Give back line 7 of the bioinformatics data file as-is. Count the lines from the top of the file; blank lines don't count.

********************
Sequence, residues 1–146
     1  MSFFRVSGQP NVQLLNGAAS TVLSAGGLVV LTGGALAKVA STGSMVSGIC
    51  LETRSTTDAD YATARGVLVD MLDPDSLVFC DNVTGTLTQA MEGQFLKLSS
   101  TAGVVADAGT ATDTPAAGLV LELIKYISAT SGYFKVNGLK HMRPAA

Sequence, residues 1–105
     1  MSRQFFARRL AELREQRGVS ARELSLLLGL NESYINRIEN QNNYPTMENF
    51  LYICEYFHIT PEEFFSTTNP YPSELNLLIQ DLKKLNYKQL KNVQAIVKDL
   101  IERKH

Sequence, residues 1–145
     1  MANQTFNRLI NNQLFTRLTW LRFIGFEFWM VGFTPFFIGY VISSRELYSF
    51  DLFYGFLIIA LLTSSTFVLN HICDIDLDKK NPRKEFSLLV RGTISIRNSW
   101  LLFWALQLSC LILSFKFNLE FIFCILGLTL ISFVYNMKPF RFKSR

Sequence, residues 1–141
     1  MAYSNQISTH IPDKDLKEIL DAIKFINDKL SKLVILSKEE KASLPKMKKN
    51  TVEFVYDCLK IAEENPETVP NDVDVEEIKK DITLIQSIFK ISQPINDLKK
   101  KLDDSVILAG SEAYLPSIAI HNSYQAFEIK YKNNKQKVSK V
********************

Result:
    51  LYICEYFHIT PEEFFSTTNP YPSELNLLIQ DLKKLNYKQL KNVQAIVKDL